All fields require at least the type property. This matches the field to its corresponding Field Type to determine its appearance and behavior within the Admin Panel. Each Field Type has its own unique set of options based on its own type.

To set a field's type, use the type property in your Field Config:

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import type { Field } from 'payload'
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export const MyField: Field = {
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type: 'text',
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name: 'myField',
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}

Field Names

All Data Fields require a name property. This is the key that will be used to store and retrieve the field's value in the database. This property must be unique within the Collection, Global, or nested group that it is defined in.

To set a field's name, use the name property in your Field Config:

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import type { Field } from 'payload'
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export const MyField: Field = {
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type: 'text',
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name: 'myField',
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}

Payload reserves various field names for internal use. Using reserved field names will result in your field being sanitized from the config.

The following field names are forbidden and cannot be used:

  • __v
  • salt
  • hash
  • file

Field-level Hooks

In addition to being able to define Hooks on a document-level, you can define extremely granular logic field-by-field.

To define Field-level Hooks, use the hooks property in your Field Config:

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import type { Field } from 'payload'
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export const MyField: Field = {
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type: 'text',
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name: 'myField',
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hooks: {
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// ...
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}
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}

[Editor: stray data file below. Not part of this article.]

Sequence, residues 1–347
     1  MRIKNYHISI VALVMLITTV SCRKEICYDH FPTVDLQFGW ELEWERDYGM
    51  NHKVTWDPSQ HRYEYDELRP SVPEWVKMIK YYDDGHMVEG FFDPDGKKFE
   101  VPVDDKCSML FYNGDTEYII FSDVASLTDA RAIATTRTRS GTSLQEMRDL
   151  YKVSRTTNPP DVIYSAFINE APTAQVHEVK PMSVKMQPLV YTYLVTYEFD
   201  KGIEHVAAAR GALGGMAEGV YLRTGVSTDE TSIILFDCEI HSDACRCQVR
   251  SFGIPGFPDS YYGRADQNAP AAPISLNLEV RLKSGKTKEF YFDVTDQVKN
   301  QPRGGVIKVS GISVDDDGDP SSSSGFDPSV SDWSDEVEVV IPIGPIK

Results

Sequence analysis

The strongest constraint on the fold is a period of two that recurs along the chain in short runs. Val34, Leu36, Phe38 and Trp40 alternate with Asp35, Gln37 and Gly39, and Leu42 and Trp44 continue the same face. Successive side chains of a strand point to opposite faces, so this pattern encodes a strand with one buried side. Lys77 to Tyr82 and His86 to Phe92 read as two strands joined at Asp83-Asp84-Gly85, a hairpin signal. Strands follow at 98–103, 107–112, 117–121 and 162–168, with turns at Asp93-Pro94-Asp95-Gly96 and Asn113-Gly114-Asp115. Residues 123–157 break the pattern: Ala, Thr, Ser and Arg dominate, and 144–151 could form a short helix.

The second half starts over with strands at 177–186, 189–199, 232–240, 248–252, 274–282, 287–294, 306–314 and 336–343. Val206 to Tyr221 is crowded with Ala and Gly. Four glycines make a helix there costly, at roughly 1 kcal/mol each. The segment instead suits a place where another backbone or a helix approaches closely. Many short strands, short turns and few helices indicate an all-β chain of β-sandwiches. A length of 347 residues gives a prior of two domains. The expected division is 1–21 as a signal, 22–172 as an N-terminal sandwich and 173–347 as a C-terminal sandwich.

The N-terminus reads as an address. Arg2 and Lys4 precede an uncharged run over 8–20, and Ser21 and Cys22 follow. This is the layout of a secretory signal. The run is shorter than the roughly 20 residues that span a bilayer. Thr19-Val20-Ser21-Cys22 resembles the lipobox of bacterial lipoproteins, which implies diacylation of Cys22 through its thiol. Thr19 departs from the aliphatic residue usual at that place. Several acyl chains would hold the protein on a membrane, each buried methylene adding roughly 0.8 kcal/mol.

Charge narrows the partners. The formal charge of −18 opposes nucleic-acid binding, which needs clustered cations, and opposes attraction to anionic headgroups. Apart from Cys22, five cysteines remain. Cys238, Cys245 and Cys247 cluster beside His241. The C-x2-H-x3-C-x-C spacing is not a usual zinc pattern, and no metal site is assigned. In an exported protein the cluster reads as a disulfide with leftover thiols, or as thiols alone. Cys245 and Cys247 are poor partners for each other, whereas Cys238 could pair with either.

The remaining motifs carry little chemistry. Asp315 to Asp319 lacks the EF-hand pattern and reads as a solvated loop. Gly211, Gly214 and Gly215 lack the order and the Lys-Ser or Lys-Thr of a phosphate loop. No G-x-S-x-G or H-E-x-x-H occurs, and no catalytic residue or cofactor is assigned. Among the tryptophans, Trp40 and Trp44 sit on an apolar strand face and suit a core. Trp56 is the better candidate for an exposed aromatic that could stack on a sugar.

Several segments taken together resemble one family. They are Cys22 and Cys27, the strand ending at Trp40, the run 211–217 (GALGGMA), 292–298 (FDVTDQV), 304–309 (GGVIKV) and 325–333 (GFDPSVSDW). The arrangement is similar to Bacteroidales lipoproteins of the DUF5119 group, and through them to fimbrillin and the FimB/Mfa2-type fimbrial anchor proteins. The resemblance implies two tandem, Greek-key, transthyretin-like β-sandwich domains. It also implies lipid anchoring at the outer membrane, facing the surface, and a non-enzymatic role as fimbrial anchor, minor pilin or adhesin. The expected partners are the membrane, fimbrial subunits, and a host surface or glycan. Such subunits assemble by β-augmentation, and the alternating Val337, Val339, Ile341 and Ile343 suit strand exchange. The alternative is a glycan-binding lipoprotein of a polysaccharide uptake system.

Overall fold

For full details on Field-level Hooks, see the Field Hooks documentation.

Field-level Access Control

In addition to being able to define Access Control on a document-level, you can define extremely granular permissions field-by-field.

To define Field-level Access Control, use the access property in your Field Config:

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import type { Field } from 'payload'
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export const MyField: Field = {
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type: 'text',
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name: 'myField',
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access: {
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// ...
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}
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}

For full details on Field-level Access Control, see the Field Access Control documentation.

Default Values

Fields can be optionally prefilled with initial values. This is used in both the Admin Panel as well as API requests to populate missing or undefined field values during the create or update operations.

To set a field's default value, use the defaultValue property in your Field Config:

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import type { Field } from 'payload'
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export const MyField: Field = {
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type: 'text',
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name: 'myField',
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defaultValue: 'Hello, World!',
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}